Sharp XV-Z30000 - Review Summary
In this Summary page, we will only be able to touch lightly on many of the topics covered in this review. For those of you who have read the entire review, there should be little new here, except perhaps an opinion or two. For you who scan, this page should give you a pretty darn good idea of how the Z30000 projector performs, its greatest strengths, its most noticeable limitations, and hopefully, a good understanding as to whether this projector is for you. Enjoy!
8/21/12 - Art Feierman
Sharp XV-Z30000 Projector - The Bottom Line
The XV-Z30000 is a very solid DLP home theater projector. Selling upward of $3500 (best we can tell), it has some stiff competition, but it holds its own.
The Z30000 isn't particularly spectacular in any one way, but the overall package has to be considered pretty good. There are some other projectors noticeably better at some things, but often weaker on others. There doesn't seem to be any major flaw.
Personally this is a projector I could own, assuming it gets placed in a dedicated home theater or properly set up cave, and if I could live with smaller screens than I prefer. Still, 3D viewing notwithstanding, this projector is very comfortable on a 110" screen and could be pushed larger, without needing a really high gain screen.
As is the case with most of these new 3D capable projectors in the over $2000 range, very few have enough brightness to dazzle you with 3D on a 100" or larger screen. The Sharp XV-Z30000 can just do a decent job on a 100" screen, with a lamp that's not too old. Since we received this projector with a lamp with 300+ hours on it, we know it's not quite as bright as a new one would be. The thing is, that lamp is going to get a good deal dimmer before it's time for replacing it.
So, as has been the case with, I believe just about every other 3D DLP projector over $2000, I see it primarily as a 2D projector. For those of us really into 3D and wanting respectable brightness, there are competitors out there far more suitable.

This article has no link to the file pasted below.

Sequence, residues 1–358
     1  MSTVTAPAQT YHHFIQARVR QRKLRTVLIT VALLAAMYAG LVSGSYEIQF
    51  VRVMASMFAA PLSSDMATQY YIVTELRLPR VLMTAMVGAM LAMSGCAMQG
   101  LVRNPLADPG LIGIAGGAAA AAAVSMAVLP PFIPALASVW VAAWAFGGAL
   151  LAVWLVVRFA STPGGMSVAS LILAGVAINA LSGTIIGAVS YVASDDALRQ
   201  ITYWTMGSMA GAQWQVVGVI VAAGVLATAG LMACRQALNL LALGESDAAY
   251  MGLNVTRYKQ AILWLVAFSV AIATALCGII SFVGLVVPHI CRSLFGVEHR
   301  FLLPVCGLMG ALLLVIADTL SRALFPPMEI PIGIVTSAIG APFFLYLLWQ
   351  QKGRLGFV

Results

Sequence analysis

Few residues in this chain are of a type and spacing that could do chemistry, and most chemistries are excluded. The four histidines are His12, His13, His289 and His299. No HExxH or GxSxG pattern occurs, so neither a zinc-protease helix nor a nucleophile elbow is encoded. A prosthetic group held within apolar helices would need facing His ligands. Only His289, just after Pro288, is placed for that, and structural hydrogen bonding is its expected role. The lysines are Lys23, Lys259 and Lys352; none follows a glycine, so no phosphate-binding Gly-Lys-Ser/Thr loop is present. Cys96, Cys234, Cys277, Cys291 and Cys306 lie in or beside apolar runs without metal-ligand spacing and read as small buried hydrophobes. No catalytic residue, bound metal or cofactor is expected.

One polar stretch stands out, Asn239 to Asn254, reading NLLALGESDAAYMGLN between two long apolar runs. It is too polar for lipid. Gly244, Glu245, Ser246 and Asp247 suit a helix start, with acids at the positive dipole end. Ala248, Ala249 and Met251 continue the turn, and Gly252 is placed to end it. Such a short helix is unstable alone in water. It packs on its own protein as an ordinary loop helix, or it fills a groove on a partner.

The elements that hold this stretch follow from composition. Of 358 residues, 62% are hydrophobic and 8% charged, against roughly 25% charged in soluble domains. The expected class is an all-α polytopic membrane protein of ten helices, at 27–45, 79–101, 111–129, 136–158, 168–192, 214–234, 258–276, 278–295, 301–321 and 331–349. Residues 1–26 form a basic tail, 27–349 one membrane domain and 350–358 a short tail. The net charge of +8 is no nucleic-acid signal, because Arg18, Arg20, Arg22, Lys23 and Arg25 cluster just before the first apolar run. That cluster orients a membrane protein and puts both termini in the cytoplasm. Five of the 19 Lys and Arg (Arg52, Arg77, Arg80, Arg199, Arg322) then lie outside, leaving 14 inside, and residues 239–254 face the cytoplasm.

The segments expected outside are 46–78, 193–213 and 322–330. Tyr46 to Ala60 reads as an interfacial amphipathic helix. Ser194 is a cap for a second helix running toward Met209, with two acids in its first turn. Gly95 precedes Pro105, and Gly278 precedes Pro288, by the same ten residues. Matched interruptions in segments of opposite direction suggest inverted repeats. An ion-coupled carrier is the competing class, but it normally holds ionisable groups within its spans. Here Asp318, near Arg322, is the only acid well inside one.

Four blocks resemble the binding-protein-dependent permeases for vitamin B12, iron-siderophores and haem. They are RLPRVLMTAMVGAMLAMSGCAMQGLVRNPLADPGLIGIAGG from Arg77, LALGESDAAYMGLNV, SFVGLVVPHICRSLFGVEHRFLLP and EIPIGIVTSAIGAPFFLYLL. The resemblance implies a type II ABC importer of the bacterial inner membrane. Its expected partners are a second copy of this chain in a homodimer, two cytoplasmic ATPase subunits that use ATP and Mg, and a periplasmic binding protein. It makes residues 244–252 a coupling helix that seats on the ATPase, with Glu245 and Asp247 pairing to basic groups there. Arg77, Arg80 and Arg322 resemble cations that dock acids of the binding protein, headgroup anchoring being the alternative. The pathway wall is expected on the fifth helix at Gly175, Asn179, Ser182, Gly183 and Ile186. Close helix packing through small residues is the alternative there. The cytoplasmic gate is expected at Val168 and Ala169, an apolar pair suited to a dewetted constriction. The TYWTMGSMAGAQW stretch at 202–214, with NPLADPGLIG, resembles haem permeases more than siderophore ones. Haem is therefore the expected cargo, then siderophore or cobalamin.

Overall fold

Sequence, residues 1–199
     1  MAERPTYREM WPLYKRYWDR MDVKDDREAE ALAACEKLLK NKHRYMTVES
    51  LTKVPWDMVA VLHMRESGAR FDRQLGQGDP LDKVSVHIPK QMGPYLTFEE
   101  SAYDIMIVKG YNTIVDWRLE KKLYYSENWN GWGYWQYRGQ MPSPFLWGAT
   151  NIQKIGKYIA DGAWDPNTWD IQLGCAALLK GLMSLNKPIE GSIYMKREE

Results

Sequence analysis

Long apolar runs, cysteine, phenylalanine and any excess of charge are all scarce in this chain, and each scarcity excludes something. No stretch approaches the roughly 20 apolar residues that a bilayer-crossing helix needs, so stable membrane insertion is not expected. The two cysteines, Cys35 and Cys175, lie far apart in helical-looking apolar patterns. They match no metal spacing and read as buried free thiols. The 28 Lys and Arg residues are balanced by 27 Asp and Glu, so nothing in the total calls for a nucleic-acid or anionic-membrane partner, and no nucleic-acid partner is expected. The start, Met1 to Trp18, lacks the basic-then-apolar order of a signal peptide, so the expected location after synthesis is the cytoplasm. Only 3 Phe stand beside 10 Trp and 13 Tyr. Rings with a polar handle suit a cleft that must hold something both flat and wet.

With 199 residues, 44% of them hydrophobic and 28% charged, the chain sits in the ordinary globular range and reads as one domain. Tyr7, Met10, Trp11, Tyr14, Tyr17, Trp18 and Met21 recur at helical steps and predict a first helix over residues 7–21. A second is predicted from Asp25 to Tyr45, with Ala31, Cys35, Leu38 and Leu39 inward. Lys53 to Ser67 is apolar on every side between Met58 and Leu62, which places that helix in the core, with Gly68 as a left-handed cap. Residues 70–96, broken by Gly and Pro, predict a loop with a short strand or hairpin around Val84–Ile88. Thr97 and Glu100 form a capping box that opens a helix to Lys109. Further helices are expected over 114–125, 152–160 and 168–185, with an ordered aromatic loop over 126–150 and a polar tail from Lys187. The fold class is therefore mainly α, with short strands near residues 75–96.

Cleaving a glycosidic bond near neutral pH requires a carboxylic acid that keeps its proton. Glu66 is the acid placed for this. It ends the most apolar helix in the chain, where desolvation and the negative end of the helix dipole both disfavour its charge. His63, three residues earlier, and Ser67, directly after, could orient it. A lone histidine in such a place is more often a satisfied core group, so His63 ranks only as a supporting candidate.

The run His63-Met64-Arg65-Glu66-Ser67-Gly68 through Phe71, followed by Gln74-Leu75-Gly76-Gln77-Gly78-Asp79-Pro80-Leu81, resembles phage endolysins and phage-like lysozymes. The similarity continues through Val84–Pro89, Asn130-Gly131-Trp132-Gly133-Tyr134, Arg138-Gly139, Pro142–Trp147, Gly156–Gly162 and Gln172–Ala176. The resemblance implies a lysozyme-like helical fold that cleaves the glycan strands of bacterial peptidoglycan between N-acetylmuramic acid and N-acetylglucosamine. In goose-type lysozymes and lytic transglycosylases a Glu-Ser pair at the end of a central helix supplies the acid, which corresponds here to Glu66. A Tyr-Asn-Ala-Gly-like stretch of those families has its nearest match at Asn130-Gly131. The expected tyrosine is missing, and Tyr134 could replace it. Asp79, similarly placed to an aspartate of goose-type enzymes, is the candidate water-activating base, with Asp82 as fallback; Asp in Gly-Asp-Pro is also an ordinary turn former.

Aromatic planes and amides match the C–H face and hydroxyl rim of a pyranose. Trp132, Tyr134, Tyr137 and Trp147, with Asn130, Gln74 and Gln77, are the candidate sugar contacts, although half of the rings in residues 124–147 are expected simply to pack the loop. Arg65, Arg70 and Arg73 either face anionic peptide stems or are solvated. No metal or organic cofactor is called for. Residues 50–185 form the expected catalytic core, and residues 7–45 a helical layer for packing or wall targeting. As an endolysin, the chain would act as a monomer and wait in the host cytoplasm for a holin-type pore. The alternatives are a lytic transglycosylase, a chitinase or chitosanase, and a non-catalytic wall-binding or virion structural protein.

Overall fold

If, however, you are just "playing" with 3D, and don't really care about it, then, no problem.
Once we get to 2D brightness, things start to shine. A new one of these Sharp projectors can put 1250 lumens on the screen, or a bit more (I'm figuring new lamp, placed closest to your screen.).
With more than 500 lumens in best mode, in a theater environment 120" diagonal is perfectly doable. 120" might get a little thin at the end of lamp life, but 110" should be just fine.
Below: Florence and the Machine in concert:
The overall image is very nicely sharp. The Detail enhancement feature can further give you the impression of more sharpness, but, can quickly become a little over the top (such as the 10 setting defaulting in Stage mode). As mentioned earlier, even the 10 setting tends to make closeups of faces look "leathery" or hard. Dial that back except maybe on sports. 0 is the default for Movie modes!
XV-Z30000 Color and Overall Picture Quality
Skin tones are very nice, in many modes. Calibrated they are very good, but definitely could still be improved a touch. The measurements Mike came up with while calibrating are good, not great. There's more fluctation in color temp across the IRE range (white to black), than with many others. That is probably attributed to having only RGB Gain, and no RGB Bias controls for the grayscale calibration.
Now don't get carried away with this... Overall, skin tones and color are very good. Movie 1 mode as we have it set up, will no doubt provide better color accuracy than most LCDTVs and plasmas. It's just that we projector folk are more likely seeking near perfection than folks who start off with the misfortune of having only a small screen to stare at. (You know, perhaps a nice 50 inch LCDTV suitable for a kitchen...)
The "secretary" image from The Fifth Element is one of my favorites. As expected, this DLP projector does a great job, with lots of pop, yet the skin tones are very believable (Movie 1 mode).
I've watched a lot of content. Last night, was my last full movie. I dug out an old favorite - the first Pirates of the Carribean. It looked really killer! It handled that movie spectacularly enough to award the Sharp XV-Z30000 our Hot Product Award on that basis.
Shadow detail proved to be very, very good.
Black level performance is classic DLP. Great native contrast, enhanced by using a dyanmic iris. The thing is, while blacks are very good, some others just offer blacker blacks. As the iris action is very smooth - as in not normally noticeable at all, let's say Sharp might have pushed the iris range further, for some slightly blacker blacks. Still, these are fine enough for most of us. They meet my standard of being an "ultra-high-contrast" projector.
Z30000 Projector - Brightness for 2D viewing:
As I mentioned above. The Sharp can handle mid-sized screens 100-110+ diagonal with little problem in a theater environment while using the calibrated Movie mode. For sports and other non-movie viewing there are very good non-calibrated modes offering from more than 800 to approximately 1200 lumens assuming good placement.